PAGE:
Forcing the unemployed to regularly turn up to Job Centres is harmful and counter-productive, the Government’s own ‘behavioural’ policy unit has warned.
The Behavioural Insights Team said that welfare claimants risk being made poorer and more stressed by requiring them to meet tough conditions in order to get their benefits.
The so-called ‘Nudge Unit’ - which was set up by David Cameron and operates across Whitehall - found that strict welfare conditions, such as getting the disabled to repeatedly prove their disability, led to “anxiety and feelings of disempowerment”.
In a report published on Thursday, the unit said that welfare conditions and threat of financial sanctions were reducing the “cognitive bandwidth” or “headspace” of people on Jobseeker’s Allowance and other benefits, making it harder for them to find work.
It recommends instead that the Department for Work and Pensions (DWP) should look at giving people more freedom to make their own decisions, including allowing claimants to design their personal conditions for benefit rather than have them “imposed by Government”.
The report, titled “Poverty and Decision-making”, also suggests that form-filling should be radically reformed so that once someone’s eligibility is established for various benefits, the Government should send them a single annual statement to allow continued support.
Welfare ‘conditionality’ - threatening to cut benefits if claimants fail to meet strict requirements to get off welfare - was a key feature of Iain Duncan Smith’s reign at the Department of Work and Pensions, and the last Labour government.
Former DWP Secretary Duncan Smith strengthened the sanctions regime - a move which some claim has led to the growth of foodbanks - and his new Universal Credit system will rely on claimants having regular meetings with so-called ‘work coaches’.
But in its new report, the Behavioural Insights Team says that behavioural science suggests that people are more likely to make progress if they come up with decisions themselves rather than are forced to act on pain of sanctions.
“There is evidence that welfare conditionality in the UK – mandatory behavior requirements such as attending meetings with work coaches or providing repeated evidence of disability in order to receive benefits – is associated with anxiety and feelings of disempowerment,” the report said.
“However, as far as we know no one has examined whether welfare conditionality has cognitive depleting effects.”
New Work and Pensions Secretary Damian Green recently scrapped reassessments for chronically-ill disabled people seeking to claim Employment Support Allowance (ESA).
But there are many other similar conditions in the welfare system that campaigners have long criticised, as well as the tougher sanctions regime.
The report states: “Conditions that are currently attached to Jobseekers Allowance, and that are proposed for in-work benefits under Universal Credit, such as attending regular meetings with a Work Coach, may contribute to time scarcity.
“In addition, the sanctions regime - which imposes a pause or reduction in payments on claimants that do not meet entitlement conditions - may contribute to financial scarcity.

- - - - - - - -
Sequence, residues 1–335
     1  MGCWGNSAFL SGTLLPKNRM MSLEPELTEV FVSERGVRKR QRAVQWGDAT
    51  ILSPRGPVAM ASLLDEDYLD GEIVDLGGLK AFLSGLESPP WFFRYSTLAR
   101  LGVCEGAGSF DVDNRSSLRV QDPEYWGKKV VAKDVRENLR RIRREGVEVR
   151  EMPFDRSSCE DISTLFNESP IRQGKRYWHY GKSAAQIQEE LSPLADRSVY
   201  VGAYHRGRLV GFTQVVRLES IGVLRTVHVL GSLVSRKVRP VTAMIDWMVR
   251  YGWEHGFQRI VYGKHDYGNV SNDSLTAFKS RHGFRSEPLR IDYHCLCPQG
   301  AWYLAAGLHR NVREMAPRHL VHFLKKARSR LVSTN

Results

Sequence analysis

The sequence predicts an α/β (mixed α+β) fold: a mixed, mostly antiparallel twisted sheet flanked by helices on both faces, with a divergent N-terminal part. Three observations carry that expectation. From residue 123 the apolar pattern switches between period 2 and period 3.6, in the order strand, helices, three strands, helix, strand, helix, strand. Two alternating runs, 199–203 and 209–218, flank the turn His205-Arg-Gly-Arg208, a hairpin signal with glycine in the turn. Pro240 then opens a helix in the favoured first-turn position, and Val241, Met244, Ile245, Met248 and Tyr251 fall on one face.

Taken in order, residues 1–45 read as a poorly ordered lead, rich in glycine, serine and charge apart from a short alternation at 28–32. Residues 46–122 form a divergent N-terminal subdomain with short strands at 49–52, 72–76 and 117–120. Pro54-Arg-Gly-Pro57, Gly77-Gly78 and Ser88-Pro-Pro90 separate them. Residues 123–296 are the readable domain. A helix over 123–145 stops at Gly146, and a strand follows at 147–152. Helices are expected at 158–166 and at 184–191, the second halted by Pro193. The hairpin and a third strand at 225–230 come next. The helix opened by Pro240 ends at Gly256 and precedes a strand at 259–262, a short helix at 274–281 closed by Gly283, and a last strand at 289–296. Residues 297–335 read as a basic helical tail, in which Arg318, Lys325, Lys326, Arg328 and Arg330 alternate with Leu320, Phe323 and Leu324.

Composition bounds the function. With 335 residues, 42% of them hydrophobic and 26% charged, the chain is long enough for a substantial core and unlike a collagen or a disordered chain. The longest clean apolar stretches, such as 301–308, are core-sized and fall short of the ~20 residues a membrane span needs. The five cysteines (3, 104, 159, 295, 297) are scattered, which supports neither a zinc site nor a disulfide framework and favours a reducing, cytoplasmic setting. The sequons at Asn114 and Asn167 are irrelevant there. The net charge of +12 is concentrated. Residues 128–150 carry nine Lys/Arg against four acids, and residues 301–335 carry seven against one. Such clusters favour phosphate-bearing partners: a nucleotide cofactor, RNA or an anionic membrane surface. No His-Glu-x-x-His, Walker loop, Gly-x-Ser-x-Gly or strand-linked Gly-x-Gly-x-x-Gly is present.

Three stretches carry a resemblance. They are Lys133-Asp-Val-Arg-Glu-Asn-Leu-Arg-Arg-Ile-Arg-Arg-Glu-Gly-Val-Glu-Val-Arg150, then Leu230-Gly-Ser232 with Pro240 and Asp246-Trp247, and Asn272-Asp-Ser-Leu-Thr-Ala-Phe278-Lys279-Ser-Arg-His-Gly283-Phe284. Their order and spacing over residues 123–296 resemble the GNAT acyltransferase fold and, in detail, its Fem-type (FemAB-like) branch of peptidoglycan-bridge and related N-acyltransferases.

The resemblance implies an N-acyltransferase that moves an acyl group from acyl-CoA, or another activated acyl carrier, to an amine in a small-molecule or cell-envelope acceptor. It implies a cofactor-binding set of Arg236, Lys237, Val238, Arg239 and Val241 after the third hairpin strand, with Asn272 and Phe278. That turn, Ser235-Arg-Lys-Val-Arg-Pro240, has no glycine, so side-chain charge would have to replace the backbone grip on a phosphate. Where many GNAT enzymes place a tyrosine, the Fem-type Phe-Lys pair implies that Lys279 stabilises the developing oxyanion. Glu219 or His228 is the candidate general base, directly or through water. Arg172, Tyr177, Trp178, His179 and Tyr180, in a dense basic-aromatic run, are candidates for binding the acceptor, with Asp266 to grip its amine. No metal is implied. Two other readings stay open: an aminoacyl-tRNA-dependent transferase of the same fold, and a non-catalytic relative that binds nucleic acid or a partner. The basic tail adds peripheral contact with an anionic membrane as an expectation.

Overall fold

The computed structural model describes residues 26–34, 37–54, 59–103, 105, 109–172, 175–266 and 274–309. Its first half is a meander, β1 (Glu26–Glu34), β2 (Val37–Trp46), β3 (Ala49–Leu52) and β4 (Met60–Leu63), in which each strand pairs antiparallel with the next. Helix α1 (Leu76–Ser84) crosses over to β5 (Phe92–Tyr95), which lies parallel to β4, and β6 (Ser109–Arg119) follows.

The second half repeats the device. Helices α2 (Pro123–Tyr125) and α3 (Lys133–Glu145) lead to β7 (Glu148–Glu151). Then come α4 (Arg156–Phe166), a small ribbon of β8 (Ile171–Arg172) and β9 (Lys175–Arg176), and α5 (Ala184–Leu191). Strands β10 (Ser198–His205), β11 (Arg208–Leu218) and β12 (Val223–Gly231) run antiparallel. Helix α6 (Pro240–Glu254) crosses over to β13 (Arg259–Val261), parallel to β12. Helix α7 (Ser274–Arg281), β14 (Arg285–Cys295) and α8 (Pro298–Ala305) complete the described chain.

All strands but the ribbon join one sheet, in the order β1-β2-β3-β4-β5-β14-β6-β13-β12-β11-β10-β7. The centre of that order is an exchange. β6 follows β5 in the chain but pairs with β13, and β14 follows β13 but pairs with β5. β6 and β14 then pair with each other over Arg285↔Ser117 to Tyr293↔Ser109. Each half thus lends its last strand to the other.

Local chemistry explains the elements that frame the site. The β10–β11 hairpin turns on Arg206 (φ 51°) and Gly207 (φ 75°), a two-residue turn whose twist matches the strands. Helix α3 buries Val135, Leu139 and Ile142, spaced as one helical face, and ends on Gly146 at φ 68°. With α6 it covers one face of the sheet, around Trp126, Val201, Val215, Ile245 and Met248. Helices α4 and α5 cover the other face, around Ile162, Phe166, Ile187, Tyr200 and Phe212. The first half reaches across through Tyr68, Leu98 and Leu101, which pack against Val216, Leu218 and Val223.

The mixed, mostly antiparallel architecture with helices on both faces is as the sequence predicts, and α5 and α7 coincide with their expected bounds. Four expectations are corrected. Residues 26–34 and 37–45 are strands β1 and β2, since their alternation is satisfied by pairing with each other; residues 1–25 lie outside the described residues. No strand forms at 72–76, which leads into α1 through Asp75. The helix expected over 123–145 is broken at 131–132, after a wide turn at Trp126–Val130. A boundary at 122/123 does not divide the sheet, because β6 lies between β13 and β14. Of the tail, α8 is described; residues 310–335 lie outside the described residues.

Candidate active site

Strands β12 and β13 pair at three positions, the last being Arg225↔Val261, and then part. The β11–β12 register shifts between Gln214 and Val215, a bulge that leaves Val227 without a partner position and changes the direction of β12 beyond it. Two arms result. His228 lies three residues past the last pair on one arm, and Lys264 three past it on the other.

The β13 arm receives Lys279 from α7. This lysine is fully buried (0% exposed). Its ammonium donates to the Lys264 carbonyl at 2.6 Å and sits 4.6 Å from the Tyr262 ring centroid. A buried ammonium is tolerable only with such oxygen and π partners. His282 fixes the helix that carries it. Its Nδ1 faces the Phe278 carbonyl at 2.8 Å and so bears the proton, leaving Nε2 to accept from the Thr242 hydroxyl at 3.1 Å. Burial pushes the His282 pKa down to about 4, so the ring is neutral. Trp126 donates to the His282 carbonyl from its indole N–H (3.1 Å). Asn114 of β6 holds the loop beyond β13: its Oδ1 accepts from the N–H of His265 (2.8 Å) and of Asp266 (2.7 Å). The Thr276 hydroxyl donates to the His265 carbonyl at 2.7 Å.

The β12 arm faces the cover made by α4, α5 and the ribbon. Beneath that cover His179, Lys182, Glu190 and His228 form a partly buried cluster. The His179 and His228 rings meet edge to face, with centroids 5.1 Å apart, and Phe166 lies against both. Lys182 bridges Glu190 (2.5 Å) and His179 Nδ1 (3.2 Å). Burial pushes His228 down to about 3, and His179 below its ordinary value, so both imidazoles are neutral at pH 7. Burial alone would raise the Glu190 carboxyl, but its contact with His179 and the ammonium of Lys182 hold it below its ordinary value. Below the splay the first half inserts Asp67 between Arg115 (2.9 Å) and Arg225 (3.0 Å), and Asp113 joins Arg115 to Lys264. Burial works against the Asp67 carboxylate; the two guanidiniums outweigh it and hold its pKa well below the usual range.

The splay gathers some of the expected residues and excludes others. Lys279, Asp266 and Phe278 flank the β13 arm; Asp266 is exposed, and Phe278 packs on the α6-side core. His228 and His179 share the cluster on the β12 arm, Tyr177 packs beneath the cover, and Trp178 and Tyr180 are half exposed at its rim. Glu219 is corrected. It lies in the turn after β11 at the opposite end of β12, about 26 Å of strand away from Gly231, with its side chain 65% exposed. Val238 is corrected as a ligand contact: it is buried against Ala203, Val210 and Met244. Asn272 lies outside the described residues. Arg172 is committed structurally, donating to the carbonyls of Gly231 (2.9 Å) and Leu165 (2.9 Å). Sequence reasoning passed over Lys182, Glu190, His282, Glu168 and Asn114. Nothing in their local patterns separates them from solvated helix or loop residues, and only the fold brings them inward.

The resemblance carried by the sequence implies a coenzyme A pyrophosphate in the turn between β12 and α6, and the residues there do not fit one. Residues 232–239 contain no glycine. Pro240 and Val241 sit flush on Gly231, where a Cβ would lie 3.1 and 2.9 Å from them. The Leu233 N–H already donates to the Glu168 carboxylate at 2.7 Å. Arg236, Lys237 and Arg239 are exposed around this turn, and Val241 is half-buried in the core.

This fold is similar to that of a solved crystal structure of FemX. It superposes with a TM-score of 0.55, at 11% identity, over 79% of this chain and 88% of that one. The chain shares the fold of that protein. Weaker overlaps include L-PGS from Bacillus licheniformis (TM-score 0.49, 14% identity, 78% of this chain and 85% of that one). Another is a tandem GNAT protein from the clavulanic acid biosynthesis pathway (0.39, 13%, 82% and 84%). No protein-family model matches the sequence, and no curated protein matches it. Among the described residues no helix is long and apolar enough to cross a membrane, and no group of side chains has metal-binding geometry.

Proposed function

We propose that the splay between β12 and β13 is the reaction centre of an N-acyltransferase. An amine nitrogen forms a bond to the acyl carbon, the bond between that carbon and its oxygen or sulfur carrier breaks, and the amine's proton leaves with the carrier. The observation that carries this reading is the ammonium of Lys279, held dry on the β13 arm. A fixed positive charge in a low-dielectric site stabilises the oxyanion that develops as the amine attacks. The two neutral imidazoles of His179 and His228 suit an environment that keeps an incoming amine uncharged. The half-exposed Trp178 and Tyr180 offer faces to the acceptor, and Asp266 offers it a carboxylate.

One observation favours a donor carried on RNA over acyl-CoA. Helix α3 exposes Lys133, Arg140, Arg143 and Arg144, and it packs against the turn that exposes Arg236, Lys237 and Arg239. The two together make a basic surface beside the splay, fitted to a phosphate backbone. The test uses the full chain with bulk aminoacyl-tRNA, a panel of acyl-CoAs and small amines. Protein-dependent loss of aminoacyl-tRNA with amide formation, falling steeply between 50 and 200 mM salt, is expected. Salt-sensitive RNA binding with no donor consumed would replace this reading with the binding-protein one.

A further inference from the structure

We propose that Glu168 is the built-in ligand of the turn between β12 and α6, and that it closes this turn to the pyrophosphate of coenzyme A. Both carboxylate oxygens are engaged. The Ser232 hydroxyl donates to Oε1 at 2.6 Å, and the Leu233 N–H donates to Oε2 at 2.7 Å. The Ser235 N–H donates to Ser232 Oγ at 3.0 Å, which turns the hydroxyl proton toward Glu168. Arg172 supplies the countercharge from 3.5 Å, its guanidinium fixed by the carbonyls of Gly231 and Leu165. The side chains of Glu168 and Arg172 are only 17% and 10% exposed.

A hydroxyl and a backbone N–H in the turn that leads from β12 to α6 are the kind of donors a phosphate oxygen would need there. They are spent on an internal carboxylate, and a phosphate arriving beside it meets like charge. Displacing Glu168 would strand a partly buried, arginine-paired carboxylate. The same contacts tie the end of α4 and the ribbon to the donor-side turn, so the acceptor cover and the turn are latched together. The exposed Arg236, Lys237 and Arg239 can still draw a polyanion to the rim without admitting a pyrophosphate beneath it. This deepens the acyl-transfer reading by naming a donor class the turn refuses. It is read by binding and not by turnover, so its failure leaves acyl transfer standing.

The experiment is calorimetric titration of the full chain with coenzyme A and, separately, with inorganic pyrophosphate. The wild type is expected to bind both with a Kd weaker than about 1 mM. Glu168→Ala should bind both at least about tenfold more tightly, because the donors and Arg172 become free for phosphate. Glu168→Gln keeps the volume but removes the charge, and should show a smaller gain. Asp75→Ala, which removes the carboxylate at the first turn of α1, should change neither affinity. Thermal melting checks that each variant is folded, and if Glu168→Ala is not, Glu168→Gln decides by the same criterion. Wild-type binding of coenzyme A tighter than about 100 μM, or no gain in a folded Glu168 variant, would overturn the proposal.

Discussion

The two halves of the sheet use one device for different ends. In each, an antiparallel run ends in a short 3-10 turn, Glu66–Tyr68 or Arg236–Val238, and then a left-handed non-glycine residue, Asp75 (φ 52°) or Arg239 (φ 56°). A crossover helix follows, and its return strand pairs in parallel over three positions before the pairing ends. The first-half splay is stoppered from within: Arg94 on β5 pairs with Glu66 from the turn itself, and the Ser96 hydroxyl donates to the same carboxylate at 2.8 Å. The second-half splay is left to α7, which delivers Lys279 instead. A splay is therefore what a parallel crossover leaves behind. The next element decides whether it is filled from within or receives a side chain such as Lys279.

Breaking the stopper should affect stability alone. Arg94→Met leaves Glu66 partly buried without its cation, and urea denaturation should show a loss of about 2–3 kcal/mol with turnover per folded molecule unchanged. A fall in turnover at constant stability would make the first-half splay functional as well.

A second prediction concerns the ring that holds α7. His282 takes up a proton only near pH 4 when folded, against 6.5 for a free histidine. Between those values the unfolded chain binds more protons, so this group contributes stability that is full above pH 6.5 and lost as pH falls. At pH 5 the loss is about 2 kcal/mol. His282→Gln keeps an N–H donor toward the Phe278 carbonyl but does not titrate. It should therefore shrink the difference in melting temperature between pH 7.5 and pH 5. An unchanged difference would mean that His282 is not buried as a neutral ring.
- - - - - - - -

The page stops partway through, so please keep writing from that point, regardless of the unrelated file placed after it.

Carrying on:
“The combination of these bandwith taxes may in theory worsen a person’s attention, self-control, and long-term planning, which could lead to or worsen poverty. “
“More research is needed to understand how the entitlements system can be designed to take scarcity into account, because the individual costs of depleting a person’s psychological resources may be greater than the financial benefits the system provides.”
The report recommends that the DWP conduct pilot schemes to understand “the impact of entitlement conditionality (and associated sanctions) on fluid IQ and self-efficacy”.
“We recommend comparing outcomes from conditionality where claimants are asked to design their own conditions (perhaps from a pre-specified list), versus conditions imposed by the government.”
It adds that some schemes where people ask their friends to monitor their progress “have proven effective motivational tools and could be adapted to the welfare system”.
The report declares that for many who are “‘just managing’ are not only often short on time and money, but also short on headspace”.
Cabinet Secretary Sir Jeremy Heywood, who chairs the Behavioural Insights Unit’s commissioning Board, praised it last month for bringing “a fresh and empirical lens to thinking about the challenges we face”.
In its report today, the unit adds: “Given that individuals have limited bandwidth, a clear responsibility for the government is to ensure that services do not exhaust but rather optimise their ability to make good choices for themselves,” it says.
“This means taking a holistic view of poverty and decision-making across different services, not just focusing on outcomes in one narrow policy domain. It also means ensuring that both the design and framing of services minimises stigma and stereotype threat.”
Dr Kizzy Gandy, a led researcher at the policy unit, said “simple tweaks” to services could help.
“Government policies should help people to have less on their mind, not more,” she said.
“We are optimistic that behavioural science can help government departments to better design policies to help those who are ‘just managing’ in order to prevent and overcome poverty.
“We find that in many cases, simple tweaks to service design can yield disproportionate gains in improving decision-making.”